Another Fight Brews Over Member Business Lending
Might this time finally be the charm for member business lending?
After years of lobbying and cajoling, credit unions will finally get their wish on June 16 when the Senate Banking Committee holds a hearing on Sen. Mark Udall’s (D-Colo.) legislation to raise the cap on member business loans.
With the economy still struggling and the unemployment rate at 9.1%, the credit union industry’s message about being able to create as many as 100,000 new jobs might finally break through.
"I am not sure if there has been a shift in thinking on Capitol Hill," said ABA Vice President and Chief Economist Keith Leggett. "But anyone who talks about something that will create jobs will get some attention."
Leggett, who conceded that banks are worried about losing market share to credit unions, said the biggest obstacle to businesses creating jobs isn’t the lack of capital but uncertainty about the level of regulation and taxes.
CUNA President/CEO Bill Cheney said he hoped that the sluggish economy and credit unions’ track record will cause lawmakers to pass the bill.
"Credit unions have proven the ability to do small business lending safely and soundly, demonstrating remarkably lower charge-off and delinquency rates than banks making business loans," he said in an interview.
Credit unions will also point out that since Congress last year created a fund to make capital available to community banks to use for business lending, they should help credit unions do the same. And the Udall bill won’t require any taxpayer money, they note.
NCUA Chairman Debbie Matz, who is scheduled to testify at the hearing, has supported raising the cap and has promised her agency will beef up its oversight of business lending practices.
Last year in a letter to lawmakers she called it a "zero-dollar stimulus" and noted that credit unions "are well-positioned to provide small business with an important source of lending. However, credit unions are currently restricted in the overall amount of lending they can provide to members for business purposes."
But the problems that some credit unions have had with their business loans might cause some lawmakers to be reluctant to give credit unions more lending ability.
When the NCUA conserved the $1.6 billion Texans Credit Union earlier this year, it was determined that the problems were mostly triggered by losses in its business loan portfolio.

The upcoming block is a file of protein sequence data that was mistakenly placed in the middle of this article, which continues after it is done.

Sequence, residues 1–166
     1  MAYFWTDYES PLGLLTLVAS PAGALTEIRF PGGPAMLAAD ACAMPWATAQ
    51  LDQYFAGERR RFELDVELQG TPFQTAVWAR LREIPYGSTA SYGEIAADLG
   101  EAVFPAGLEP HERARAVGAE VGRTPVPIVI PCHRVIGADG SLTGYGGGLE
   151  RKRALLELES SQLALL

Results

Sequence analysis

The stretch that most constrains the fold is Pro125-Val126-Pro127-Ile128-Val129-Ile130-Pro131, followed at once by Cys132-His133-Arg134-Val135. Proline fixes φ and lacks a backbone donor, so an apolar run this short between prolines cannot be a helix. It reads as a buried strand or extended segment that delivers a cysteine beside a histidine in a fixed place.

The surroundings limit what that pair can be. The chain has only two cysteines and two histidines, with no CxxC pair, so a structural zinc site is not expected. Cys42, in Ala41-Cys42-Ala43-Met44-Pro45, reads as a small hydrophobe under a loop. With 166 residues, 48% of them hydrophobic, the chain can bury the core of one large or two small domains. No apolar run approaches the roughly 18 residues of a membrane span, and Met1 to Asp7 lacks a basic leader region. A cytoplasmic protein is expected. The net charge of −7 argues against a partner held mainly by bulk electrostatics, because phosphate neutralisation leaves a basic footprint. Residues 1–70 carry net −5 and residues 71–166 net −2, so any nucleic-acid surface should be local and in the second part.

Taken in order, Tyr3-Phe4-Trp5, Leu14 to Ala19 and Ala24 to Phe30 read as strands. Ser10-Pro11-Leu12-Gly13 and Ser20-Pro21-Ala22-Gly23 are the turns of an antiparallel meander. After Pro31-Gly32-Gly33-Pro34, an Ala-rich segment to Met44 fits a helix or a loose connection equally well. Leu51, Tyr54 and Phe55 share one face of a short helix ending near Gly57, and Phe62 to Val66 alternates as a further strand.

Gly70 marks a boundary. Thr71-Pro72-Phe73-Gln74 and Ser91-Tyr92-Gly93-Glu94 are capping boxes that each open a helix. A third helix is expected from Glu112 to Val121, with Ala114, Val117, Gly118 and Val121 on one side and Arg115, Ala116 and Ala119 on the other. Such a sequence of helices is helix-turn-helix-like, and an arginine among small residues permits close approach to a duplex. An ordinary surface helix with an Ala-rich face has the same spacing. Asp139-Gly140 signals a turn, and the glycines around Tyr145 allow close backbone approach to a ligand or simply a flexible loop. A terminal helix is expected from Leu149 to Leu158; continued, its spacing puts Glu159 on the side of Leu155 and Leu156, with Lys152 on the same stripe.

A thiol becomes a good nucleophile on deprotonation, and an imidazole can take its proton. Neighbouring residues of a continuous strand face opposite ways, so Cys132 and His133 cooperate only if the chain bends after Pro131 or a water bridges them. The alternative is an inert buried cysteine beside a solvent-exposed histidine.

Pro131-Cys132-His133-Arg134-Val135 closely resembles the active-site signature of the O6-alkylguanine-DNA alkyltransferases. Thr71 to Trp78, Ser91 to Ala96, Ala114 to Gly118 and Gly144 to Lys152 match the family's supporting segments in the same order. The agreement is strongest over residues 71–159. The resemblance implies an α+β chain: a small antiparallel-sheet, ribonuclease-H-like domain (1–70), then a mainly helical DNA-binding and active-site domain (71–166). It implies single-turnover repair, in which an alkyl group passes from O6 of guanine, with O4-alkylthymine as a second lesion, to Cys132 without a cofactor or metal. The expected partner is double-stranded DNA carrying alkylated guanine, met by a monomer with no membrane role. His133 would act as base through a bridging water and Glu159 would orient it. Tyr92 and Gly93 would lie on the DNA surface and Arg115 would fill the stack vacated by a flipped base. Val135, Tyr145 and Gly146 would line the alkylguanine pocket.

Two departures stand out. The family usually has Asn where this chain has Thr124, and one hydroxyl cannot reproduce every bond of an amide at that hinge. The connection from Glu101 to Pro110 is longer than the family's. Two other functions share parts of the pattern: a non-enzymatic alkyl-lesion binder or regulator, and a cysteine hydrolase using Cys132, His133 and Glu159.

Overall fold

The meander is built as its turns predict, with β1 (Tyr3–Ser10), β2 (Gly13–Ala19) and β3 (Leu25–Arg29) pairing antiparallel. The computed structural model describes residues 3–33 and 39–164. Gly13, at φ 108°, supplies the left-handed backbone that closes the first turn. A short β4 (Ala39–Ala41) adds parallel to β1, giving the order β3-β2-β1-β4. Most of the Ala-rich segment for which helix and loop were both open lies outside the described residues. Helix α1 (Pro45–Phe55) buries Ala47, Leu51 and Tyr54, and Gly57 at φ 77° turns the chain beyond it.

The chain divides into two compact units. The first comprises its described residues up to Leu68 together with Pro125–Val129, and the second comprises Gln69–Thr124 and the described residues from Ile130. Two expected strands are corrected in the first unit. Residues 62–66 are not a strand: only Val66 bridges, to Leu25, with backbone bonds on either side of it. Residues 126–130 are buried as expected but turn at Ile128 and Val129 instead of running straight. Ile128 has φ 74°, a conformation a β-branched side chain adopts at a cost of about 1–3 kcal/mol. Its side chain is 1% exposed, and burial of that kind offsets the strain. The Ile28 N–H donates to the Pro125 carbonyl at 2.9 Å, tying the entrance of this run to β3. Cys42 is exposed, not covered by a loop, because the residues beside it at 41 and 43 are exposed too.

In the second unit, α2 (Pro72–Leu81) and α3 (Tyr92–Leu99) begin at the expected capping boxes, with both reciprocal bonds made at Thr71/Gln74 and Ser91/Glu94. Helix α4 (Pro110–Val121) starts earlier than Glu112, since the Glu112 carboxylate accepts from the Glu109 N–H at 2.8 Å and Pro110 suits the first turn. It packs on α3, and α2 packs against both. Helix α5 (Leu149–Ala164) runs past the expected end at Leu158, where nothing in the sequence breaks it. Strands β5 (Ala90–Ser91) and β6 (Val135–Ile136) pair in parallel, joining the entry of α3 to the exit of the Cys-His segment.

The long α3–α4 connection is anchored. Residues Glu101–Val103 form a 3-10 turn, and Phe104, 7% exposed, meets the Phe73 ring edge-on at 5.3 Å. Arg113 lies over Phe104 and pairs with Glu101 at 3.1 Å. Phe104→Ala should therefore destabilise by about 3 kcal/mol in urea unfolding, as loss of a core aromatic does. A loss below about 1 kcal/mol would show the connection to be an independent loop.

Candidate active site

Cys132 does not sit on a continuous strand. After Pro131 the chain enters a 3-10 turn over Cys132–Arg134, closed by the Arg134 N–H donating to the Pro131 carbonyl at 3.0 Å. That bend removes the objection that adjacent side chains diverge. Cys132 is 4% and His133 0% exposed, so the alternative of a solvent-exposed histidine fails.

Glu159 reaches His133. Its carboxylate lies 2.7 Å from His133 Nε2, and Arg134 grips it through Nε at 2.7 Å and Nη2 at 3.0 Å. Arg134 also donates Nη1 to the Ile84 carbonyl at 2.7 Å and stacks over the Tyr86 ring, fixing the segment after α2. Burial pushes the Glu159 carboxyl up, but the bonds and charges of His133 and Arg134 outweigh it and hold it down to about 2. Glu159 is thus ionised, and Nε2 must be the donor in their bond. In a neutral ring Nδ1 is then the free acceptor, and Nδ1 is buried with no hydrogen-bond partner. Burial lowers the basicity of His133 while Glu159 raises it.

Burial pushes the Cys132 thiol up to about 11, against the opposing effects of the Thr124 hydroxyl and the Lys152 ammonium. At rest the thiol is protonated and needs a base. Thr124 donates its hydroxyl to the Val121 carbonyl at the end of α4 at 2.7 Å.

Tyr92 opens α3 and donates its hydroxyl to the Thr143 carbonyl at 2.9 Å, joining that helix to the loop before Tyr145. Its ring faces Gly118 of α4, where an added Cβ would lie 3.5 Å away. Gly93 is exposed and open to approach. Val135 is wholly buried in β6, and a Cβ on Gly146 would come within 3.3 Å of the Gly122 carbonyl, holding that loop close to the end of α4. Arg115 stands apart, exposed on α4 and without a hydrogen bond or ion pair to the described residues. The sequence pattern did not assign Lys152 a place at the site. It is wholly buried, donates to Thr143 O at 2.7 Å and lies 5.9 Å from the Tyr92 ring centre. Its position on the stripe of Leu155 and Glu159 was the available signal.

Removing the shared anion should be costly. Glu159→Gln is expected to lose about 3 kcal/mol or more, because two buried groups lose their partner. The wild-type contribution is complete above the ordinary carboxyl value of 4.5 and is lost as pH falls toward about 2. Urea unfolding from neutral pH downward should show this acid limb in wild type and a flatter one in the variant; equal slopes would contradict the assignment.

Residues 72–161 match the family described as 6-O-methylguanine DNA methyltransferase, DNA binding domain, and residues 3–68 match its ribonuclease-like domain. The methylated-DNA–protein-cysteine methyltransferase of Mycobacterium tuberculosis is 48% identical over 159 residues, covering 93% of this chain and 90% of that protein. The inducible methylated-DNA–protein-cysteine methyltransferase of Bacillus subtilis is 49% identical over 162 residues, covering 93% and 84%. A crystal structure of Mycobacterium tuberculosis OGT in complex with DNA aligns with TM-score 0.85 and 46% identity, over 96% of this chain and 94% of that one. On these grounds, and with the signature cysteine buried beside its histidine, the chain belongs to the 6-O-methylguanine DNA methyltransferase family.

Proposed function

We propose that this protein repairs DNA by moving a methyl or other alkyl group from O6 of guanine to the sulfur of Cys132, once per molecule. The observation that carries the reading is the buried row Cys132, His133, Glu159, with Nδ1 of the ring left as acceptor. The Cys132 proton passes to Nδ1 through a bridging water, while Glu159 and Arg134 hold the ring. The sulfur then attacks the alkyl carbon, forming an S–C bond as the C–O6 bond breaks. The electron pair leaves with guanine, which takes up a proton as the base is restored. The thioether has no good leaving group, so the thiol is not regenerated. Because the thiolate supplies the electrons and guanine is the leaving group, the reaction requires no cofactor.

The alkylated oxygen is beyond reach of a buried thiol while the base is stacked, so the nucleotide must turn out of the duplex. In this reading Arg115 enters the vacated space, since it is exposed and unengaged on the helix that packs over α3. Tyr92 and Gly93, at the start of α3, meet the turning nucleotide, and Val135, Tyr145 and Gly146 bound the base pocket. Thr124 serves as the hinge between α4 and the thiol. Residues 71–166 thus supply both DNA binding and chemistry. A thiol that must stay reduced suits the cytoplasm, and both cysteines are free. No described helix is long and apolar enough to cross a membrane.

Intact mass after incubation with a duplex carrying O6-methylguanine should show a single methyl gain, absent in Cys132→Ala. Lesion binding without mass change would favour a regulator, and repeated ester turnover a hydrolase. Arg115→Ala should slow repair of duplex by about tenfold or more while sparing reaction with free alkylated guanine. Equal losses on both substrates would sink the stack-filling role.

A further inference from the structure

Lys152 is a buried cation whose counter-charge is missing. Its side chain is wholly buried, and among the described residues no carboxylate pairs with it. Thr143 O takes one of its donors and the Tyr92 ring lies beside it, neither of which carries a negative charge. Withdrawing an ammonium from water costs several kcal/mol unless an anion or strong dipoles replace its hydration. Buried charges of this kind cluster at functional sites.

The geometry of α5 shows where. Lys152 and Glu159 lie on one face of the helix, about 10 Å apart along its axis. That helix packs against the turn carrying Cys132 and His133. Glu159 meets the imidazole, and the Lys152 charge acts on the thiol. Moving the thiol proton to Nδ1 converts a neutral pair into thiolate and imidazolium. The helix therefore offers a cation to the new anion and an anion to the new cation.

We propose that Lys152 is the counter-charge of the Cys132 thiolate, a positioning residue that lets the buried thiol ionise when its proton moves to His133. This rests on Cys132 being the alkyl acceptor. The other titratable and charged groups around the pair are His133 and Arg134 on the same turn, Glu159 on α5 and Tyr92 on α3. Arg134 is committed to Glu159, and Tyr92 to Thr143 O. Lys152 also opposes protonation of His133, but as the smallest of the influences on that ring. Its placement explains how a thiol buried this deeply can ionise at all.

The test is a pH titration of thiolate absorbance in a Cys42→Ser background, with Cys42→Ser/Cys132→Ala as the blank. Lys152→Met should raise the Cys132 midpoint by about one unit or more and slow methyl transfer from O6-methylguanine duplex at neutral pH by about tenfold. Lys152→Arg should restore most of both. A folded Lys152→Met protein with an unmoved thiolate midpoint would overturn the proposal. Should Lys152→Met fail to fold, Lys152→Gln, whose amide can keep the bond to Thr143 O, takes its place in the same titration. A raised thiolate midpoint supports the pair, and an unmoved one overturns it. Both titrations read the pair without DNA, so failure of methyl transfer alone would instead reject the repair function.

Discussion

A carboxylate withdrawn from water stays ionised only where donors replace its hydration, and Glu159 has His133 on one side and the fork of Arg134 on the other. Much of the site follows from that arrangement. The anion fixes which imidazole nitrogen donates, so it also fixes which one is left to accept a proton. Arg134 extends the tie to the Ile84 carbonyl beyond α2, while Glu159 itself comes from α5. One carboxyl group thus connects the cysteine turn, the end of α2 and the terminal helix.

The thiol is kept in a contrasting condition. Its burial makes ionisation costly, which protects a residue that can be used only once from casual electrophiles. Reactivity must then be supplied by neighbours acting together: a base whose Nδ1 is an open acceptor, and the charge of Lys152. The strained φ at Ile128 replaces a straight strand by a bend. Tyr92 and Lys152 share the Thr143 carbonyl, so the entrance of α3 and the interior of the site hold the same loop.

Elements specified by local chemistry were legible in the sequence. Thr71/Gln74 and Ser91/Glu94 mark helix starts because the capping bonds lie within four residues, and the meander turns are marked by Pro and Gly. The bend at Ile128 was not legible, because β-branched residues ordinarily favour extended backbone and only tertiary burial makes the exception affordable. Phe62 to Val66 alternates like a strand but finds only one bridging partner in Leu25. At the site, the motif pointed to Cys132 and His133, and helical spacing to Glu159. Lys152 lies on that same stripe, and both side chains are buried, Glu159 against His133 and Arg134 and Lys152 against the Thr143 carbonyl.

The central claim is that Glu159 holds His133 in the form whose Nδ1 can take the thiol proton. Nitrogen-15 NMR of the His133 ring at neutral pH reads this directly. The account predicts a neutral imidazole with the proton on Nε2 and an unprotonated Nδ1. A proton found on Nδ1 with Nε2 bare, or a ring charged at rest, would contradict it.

According to NCUA Call Report data, the Richardson, Texas-based credit union suffered a net income loss of $20.7 million through its wholly owned commercial lending CUSO, Credit Union Liquidity Services Inc., as of December 2010. More than $15 million in business loans were charged off last year. Another $22 million in participation loans met the same fate. At the end of 2010, the NCUA deemed the credit union "significantly undercapitalized" with a net worth ratio of 2.75%.
In addition, the NCUA’s Office of Inspector General’s reports on several large credit union failures cited problems in their business loan portfolio.
Banks also note that because of their tax-exempt status, credit unions shouldn’t have the same rights as other financial institutions that pay taxes. It’s a point that Federal Reserve Chairman Ben Bernanke made during congressional testimony in February 2010.
Under the Udall bill, eligible credit unions will be able to increase their small business lending to 27.5% of total assets, at a rate of growth not to exceed 30% a year. Credit unions must be well-capitalized, be at or above 80% of the current cap, have five or more years of member business lending experience and be able to demonstrate sound underwriting and servicing. If a credit union’s net worth ratio falls below the well-capitalized requirement (currently 7%), it would have to stop making new business loans.
Currently, business loans of $50,000 or more count toward the cap. CUNA and NAFCU have tried to raise that to $250,000, but that is not part of Udall’s bill or a companion bill that has been introduced in the House.
A companion House bill, sponsored by Rep. Ed Royce (R-Calif.) and Rep. Carolyn McCarthy (D-N.Y.), has 33 co-sponsors.